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Title:
CATHODES FOR SOLID-STATE LITHIUM SULFUR BATTERIES AND METHODS OF MANUFACTURING THEREOF
Document Type and Number:
WIPO Patent Application WO/2020/005702
Kind Code:
A1
Abstract:
A cathode for a lithium-sulfur battery includes a sulfur-based composite layer having a porosity in a range of 60% to 99%; and a conductive polymer disposed atop the composite layer and within pores of the composite layer. Moreover, a method of forming a cathode for a lithium-sulfur battery includes providing a substrate; disposing a sulfur-based slurry layer on the substrate; freeze-drying the slurry layer to form a sulfur-based composite layer having a porosity in a range of 60% to 99%; and disposing a conductive polymer atop the composite layer and within pores of the composite layer.

Inventors:
BADDING MICHAEL EDWARD (US)
JIN JUN (CN)
LU YANG (CN)
SONG ZHEN (US)
WEN ZHAOYIN (CN)
XIU TONGPING (CN)
Application Number:
US2019/038195
Publication Date:
January 02, 2020
Filing Date:
June 20, 2019
Export Citation:
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Assignee:
CORNING INC (14831, US)
SHANGHAI INST CERAMICS CAS (200050, CN)
International Classes:
H01M4/136; H01M4/02; H01M4/1395; H01M4/1397; H01M4/36; H01M4/58; H01M4/60; H01M4/62; H01M10/052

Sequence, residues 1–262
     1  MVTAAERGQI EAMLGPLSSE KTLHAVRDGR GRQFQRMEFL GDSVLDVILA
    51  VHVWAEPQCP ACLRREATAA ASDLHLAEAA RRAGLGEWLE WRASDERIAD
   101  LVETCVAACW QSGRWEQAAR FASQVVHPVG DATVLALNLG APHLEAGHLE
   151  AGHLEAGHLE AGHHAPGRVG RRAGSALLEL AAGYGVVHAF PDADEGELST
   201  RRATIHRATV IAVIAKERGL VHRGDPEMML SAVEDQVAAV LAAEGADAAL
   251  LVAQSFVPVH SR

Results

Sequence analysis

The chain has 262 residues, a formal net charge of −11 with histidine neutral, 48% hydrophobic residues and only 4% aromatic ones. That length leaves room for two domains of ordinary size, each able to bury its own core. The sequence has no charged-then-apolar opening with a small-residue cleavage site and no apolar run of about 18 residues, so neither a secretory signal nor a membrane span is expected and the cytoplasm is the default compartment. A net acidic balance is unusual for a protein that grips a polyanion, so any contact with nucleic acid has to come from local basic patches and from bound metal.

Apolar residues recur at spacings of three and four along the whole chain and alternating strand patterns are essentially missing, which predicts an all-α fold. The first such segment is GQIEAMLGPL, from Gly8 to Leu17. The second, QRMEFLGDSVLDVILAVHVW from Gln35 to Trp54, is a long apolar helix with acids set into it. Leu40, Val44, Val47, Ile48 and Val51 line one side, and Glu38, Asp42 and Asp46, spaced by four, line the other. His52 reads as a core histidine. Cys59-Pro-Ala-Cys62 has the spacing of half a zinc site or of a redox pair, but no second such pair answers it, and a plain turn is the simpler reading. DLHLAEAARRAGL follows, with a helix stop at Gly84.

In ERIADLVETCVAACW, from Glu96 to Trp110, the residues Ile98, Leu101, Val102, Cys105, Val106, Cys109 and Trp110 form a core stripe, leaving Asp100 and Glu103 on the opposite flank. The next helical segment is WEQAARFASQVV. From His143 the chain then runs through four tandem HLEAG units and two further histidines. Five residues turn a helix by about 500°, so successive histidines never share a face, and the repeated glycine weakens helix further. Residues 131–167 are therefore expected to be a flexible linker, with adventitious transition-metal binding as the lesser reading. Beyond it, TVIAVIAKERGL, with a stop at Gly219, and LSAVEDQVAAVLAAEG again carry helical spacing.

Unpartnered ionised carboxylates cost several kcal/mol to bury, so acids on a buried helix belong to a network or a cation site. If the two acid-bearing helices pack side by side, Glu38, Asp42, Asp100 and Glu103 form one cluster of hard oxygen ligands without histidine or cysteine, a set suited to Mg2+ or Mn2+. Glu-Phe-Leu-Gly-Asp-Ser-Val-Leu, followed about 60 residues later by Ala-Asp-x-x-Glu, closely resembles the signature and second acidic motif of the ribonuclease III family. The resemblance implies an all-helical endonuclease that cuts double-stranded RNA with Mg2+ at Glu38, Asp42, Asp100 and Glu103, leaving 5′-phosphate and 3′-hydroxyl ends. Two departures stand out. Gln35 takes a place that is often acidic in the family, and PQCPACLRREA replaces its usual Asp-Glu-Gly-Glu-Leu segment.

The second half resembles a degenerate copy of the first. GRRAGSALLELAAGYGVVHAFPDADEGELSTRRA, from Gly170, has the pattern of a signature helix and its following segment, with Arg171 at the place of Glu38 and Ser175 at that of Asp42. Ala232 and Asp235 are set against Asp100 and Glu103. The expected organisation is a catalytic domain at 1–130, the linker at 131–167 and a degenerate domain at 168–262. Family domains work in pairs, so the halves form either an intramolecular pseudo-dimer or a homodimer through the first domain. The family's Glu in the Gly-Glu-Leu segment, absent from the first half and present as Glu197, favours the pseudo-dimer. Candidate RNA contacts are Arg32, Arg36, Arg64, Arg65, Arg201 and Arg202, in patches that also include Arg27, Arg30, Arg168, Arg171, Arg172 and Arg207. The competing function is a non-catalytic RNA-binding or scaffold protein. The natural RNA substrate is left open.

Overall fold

Foreign References:
US20170207484A12017-07-20
US20170062869A12017-03-02
KR20170112202A2017-10-12
US20150349307A12015-12-03
Other References:
ZHANG X ET AL: "Advances in lithium-sulfur batteries", MATERIALS SCIENCE AND ENGINEERING: R: REPORTS, vol. 121, 1 January 2017 (2017-01-01), pages 1 - 29, XP085238437, ISSN: 0927-796X, DOI: 10.1016/J.MSER.2017.09.001
HONG-JIE PENG ET AL: "A review of flexible lithium-sulfur and analogous alkali metal-chalcogen rechargeable batteries", CHEMICAL SOCIETY REVIEWS, vol. 46, no. 17, 1 January 2017 (2017-01-01), UK, pages 5237 - 5288, XP055616437, ISSN: 0306-0012, DOI: 10.1039/C7CS00139H
SUN MINGHUI ET AL: "Hierarchically porous materials: Synthesis strategies and emerging applications", FRONTIERS OF CHEMICAL SCIENCE AND ENGINEERING, HIGHER EDUCATION PRESS, HEIDELBERG, vol. 10, no. 3, 21 August 2016 (2016-08-21), pages 301 - 347, XP036039158, ISSN: 2095-0179, [retrieved on 20160821], DOI: 10.1007/S11705-016-1578-Y
ZHEN LI ET AL: "Status and prospects in sulfur-carbon composites as cathode materials for rechargeable lithium-sulfur batteries", CARBON., vol. 92, 1 October 2015 (2015-10-01), GB, pages 41 - 63, XP055390215, ISSN: 0008-6223, DOI: 10.1016/j.carbon.2015.03.008
Attorney, Agent or Firm:
PATHAK, Shantanu C. (14831, US)